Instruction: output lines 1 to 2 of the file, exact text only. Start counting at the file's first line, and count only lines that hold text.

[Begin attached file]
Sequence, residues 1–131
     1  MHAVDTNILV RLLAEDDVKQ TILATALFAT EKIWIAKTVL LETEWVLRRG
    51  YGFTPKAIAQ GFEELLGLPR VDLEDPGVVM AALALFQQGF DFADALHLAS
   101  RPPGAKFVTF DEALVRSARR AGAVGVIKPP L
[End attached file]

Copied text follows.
Sequence, residues 1–131
     1  MHAVDTNILV RLLAEDDVKQ TILATALFAT EKIWIAKTVL LETEWVLRRG